Military Update: Too many veterans leave service unaware of benefits

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* From Military Update at the Shreveport Times *

Despite billions of additional dollars pumped into veterans benefits in recent years, many military personnel still leave service unaware of their VA benefits or of programs set up to help them transition to civilian life, a senior Defense official and veteran advocates testified Wednesday.

Noel C. Koch, deputy undersecretary of defense for wounded warrior care and transition policy, said he has visited many military hospitals and interviewed “hundreds” of service members, many recovering from wounds.

“Its a constant source of partly amazement and partly disappointment at how little aware they are” of benefits and programs to help them either return to full duty or smooth their path into veteran status.

Communication “seems to be the entire issue,” Koch explained. Despite a lot of work being done to address this gap, the government fails to communicate effectively with departing members, particularly younger ones.

“This is partly a generational issue,” Koch told the House veterans affairs subcommittee on disability assistance. Young veterans “dont communicate the way people my age communicate. They dont refer to these thick manuals we put out that are just chock full of information, which nobody reads. Even Web sites are becoming somewhat antiquated in the eyes of some of our younger service members.”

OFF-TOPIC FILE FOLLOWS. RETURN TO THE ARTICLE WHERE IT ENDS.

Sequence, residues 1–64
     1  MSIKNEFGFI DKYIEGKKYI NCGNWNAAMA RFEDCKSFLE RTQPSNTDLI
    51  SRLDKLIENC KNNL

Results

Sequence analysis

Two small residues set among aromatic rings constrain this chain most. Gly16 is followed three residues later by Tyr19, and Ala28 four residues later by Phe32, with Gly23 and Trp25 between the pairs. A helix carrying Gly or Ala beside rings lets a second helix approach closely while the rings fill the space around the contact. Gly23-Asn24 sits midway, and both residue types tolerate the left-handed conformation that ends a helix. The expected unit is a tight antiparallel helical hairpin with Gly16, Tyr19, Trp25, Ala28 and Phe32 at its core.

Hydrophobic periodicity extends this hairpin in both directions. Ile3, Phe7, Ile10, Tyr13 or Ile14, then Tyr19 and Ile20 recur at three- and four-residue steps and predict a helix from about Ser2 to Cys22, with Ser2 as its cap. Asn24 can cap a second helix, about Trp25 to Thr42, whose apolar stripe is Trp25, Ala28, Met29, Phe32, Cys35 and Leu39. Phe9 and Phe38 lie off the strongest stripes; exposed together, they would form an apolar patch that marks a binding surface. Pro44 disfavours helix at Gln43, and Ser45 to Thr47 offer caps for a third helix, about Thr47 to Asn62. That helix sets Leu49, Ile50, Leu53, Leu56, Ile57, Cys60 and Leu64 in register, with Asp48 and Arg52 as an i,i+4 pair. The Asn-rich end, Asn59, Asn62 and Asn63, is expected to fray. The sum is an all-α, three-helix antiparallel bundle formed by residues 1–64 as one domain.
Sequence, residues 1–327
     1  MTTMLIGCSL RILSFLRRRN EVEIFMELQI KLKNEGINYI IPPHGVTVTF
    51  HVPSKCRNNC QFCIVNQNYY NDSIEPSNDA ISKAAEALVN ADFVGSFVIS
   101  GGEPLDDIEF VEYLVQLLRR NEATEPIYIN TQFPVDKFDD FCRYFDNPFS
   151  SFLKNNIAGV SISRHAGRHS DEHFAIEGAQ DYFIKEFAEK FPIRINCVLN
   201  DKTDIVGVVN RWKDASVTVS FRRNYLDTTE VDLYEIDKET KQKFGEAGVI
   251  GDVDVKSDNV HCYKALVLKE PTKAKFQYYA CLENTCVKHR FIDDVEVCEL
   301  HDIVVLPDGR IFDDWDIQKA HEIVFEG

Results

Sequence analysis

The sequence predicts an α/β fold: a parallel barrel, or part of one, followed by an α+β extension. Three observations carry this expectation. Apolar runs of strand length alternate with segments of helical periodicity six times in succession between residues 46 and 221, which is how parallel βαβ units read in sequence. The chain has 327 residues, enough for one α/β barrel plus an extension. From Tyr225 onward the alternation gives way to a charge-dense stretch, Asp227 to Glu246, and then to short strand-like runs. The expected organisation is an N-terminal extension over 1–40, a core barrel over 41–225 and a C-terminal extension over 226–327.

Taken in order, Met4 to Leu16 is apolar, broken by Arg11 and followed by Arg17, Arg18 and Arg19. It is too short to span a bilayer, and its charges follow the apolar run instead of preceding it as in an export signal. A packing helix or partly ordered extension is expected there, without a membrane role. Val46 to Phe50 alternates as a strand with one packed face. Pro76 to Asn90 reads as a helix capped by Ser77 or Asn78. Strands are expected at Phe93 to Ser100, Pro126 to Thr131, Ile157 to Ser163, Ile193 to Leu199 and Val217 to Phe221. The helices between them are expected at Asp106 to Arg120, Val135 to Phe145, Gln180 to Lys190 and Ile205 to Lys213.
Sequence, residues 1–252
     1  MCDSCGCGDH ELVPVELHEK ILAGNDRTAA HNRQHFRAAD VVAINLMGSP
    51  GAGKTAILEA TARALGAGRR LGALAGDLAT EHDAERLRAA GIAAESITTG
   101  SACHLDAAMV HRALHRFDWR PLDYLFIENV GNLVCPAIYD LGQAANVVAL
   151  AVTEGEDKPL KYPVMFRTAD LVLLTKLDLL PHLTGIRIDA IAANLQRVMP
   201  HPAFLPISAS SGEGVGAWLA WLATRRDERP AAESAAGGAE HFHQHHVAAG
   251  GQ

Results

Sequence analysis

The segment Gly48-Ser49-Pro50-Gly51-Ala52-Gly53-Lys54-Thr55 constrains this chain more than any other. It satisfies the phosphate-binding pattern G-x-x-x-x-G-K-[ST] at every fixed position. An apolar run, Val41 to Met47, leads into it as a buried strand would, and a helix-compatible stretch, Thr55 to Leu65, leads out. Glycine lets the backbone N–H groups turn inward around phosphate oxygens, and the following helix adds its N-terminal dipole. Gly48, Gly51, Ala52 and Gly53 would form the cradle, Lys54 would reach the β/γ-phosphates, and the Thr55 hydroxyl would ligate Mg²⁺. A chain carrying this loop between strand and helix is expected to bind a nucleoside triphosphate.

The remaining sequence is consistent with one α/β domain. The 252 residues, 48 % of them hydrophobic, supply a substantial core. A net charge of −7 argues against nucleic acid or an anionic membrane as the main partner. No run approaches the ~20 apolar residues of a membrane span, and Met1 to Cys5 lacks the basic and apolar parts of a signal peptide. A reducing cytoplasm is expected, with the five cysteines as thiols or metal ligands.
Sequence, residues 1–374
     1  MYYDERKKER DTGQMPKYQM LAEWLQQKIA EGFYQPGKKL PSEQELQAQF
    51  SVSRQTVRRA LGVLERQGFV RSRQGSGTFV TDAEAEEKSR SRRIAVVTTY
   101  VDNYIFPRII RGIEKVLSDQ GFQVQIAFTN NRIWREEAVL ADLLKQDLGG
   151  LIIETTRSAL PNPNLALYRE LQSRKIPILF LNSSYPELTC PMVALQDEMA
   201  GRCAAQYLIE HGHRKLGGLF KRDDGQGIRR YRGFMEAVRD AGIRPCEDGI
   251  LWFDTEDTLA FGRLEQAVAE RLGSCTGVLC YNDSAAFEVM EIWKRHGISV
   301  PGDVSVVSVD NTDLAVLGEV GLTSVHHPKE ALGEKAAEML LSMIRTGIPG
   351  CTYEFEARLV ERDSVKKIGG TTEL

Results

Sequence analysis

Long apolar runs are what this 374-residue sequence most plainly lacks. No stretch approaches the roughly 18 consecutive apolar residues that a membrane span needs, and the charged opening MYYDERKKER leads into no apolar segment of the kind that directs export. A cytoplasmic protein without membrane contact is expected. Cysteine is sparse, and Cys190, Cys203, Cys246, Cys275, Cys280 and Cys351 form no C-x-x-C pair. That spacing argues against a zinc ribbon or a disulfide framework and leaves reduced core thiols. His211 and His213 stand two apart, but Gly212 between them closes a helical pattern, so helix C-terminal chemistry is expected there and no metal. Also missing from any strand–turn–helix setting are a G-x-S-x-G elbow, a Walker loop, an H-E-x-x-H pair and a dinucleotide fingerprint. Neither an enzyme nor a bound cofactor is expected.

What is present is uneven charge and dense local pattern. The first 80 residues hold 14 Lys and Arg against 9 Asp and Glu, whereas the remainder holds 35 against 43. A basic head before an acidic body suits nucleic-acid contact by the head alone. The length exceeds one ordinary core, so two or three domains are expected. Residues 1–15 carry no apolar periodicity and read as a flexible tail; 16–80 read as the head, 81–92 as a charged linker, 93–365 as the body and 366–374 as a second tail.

As a result, Koch said, the Defense Department and services “are moving into social media” such as Facebook and Twitter to try to break through to departing members about their VA benefits.

Thomas Tarantino, director of government affairs for Iraq and Afghanistan Veterans of America, agreed that benefits information is not reaching many service members before they separate.

“When I left the Army in 2007, I had absolutely no idea of the scope and availability of the benefits I was entitled to as a veteran. In fact, it never even occurred to me to seek benefits in health care from [VA] just for the general wear and tear of a decade of military service. If it werent for an old sergeant major who was attending the Army Civilian Alumni Program with me, I would have never even applied.”

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